How to download your music off of Google Play Music. Downloading music to your PC is the best, easiest, and fastest method to do. There are actually three methods, the slow, painful method, the faster, better method, and the manual method. All three still work as of the time of this writing, although that may change as the service comes closer and closer to retirement.
The slow, painful method. Click here to go to the Google Play Music Manager page. Download and install the app as you would any other app. Open the app and click on the Download tab along the top of the window. Select the option to download your library. We recommend the option with the biggest number (usually Download my library ) because it contains every song you purchased or uploaded. It will ask you about a download location. You can choose iTunes, your computer’s music folder, or a folder of your choosing.
We recommend a folder of your choosing so you can sort your music later. Click the Start download button to begin. Start watching the entire extended editions of the Lord of the Rings movies because the download is going to be very slow.
Note : This method doesn’t actually stop. If you stop it and resume, it will start over about half of the time, re-downloading songs you already downloaded.
Jokes aside, this is actually not a terrible method if you don’t have a lot of music, but quickly gets worse and worse the larger your collection is. This is the only method that doesn’t require a specific browser and the only time we’d recommend it is if you can’t or won’t download and use Google Chrome. The faster, better method (recommended for everyone) Note : This method requires you to use Google Chrome browser. It works on the Chromium-based Microsoft Edge if you enable the ability to install Chrome extensions.
Open the Google Play Music web player by clicking here. Click the 3-line menu in the top left corner of the window. Select the Settings option. Scroll down until you find the Music from this computer section. Tap the Add Your Music button and follow the instructions. We recommend pointing it at a folder with no music since you’re here to download your music, not add more.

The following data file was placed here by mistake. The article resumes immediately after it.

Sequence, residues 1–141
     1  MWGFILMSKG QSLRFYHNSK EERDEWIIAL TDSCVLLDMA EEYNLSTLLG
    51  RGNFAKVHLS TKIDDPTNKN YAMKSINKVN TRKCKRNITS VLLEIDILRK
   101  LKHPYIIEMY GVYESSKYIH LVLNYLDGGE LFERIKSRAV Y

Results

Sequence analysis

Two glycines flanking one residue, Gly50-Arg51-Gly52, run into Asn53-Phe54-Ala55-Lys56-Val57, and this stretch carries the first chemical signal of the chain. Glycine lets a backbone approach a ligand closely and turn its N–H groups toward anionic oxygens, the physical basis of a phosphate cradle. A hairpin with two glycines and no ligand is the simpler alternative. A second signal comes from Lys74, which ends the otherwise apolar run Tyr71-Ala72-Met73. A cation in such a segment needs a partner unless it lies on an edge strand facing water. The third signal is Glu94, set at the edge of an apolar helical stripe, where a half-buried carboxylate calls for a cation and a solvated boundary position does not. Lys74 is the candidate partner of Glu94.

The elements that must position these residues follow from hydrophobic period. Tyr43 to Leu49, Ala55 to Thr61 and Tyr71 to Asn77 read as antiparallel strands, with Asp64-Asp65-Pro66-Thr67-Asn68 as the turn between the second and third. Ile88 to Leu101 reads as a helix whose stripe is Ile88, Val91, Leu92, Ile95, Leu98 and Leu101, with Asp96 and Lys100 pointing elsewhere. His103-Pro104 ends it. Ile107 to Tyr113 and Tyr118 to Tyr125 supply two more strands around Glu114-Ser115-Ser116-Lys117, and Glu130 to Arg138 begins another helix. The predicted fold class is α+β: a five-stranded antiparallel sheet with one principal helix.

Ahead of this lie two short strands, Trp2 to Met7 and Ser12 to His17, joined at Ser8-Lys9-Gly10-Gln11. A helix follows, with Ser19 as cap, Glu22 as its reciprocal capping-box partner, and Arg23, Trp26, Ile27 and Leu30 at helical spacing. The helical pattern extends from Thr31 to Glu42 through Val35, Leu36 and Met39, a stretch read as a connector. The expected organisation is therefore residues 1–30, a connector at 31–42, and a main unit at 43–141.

Note : You also need to download a Google Play Music extension for the proper sections to show up if you haven’t already installed it. After that, two new sections should appear in the Settings. The first is Download folder. Configure that to the folder where you want your downloaded music to go. The second is Download your library.
Click that to download your library. In the bottom left corner, an orange arrow icon will appear, tap that to view the progress of the download in your browser.
This method downloads music vastly faster than the previous method by a large margin and it’s also fairly easy to do. Plus, you don’t have to download and install a horrible app to do the work as it all takes place in the browser. Use this one, trust us. The manual method.
Note : This method requires you to use Google Chrome browser. It works on the Chromium-based Microsoft Edge if you enable the ability to install Chrome extensions. Open the Google Play Music web player by clicking here. Navigate to any song or album you own in Google Play Music. It can music you’ve purchased or music you’ve uploaded. Tap the 3-dot menu button on the album or the individual songs and select the Download option. An orange and white arrow icon will appear in the bottom left corner of the window.
Click that to view download progress. This is actually just a manual, more granular version of the faster, better method. You can simply select the songs you want. However, unless your download messed up and you need to grab a specific album or song that the other download methods missed, you shouldn’t need this one at all.
Download from iOS and Android. Unfortunately, the official Google Play Music app doesn’t have a method to download your library to your mobile devices at this time. We looked in the app settings on both platforms and there are no options to download your library. You can only set playlists to download for offline listening and unfortunately that’s not the same thing as downloading your own collection for backup purposes.
We attempted a few methods to bypass this, including using a browser in desktop mode and trying to trick Google Play Music into letting us download something. We figured out how to get all the way to the Download album option (using Firefox), but we never got the site to actually send us any files because we could not install the proper extension. If this changes, we’ll let you know, but for the time being, it’s not possible to download your music for the purposes of backing up your library to your phone.
Download from Chrome OS. You can actually download your library with Chrome OS and it’s the same process as with Windows and Mac. Since Chrome OS comes with Chrome Browser by default, we highly recommend the quicker, better method or the manual method described above. Additionally, we recommend using an SD card or an external hard drive to store the music since many Chromebooks don’t come with a whole ton of storage.
If we missed anything, sound off in the comments! We’re not sure how Google intends on managing your purchased music once it retires the Google Play Music service, but we imagine you can still buy things and download them afterward as well since that is a separate service from streaming.